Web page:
and P (rk ) =

1 √

σxk 2π

e

−

2 (xk r) k )2 2(σx

! · ·

denote the shape parameter vector of face i in the database F = {fi , si , ri }F 1 , where F is the number of faces in our database and ri will be defined shortly. Our prior model is defined by three shape quantities. The first is simply the mean shape parameter vector F

¯sk =

1X k s n i=1 i

(5)

for k = 0, . . . , C − 1, where C is the number of wavelet coefficients and each 3D coefficient vector sk in a shape parameter vector s can be treated independently because of the decorrelating and localizing properties of the wavelet basis functions. The face surface ¯f that is reconstructed by applying (4) to ¯s is shown in Figure 1. While we can perform statistical analysis on each sk independently of other values of k, we must consider their three components together. Each sk is a 3D vector representing either the scale (absolute value) or the detail (relative value) of the shape at a particular frequency and spatial location. However, the coordinate axes in general do not correspond to the main directions of variation in F of ski , i = 1, . . . , F . Therefore, we perform PCA on each set of coefficient vectors, to obtain 3D vectors rki that represent position along the directions of greatest variation, and 3 × 3 matrices U k that transform these coordinates to our original world coordinate system, as in ski = ¯sk + U k rki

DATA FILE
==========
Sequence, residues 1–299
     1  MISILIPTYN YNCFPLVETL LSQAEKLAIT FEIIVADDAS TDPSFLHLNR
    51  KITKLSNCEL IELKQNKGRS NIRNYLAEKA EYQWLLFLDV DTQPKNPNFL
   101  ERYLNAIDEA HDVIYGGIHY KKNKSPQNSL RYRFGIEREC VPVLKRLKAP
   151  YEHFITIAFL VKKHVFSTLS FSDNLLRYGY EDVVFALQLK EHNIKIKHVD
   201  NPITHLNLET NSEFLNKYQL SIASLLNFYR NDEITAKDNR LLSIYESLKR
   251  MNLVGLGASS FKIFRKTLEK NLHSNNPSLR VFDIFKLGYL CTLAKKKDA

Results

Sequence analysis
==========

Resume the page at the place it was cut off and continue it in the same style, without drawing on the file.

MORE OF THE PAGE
σyk 2π 1 √

e

σzk 2π

−

e

k )2 (yr k )2 2(σy

−

k )2 (zr k )2 2(σz

!

! (9)

D. Observations To model the likelihood of observing the point cloud Y and the images I, given a shape parameter vector s, we reconstruct the surface f(x) from s using (4). We assume the point cloud is a noisy approximation of the surface f, with approximately zero-mean Gaussian noise. Hence, we model the probability of observing the point set, given the current mesh, as an exponential distribution on the sum-of-squared distances of the model vertices to their nearest neighbors in the point cloud. In practice, most stereo algorithms have some systemic error in addition to noise, but we alleviate this by using a truncation threshold on the nearest neighbor distance in addition to using a prior. We further assume the surface is approximately Lambertian, and project the surface into both images and perform stereo matching during a refinement stage. Although human skin can be both quite specular and translucent, we counteract the effects through the statistical prior and through matching techniques. We use robust matching costs to account for outliers due to specularities and we explicitly take self-occlusion into account. Our framework can be extended to include additional occluders. We further use an anisotropic second-order smoothing energy to regularize the refinement. We define our likelihood as an exponential distribution, where because they are deterministically related,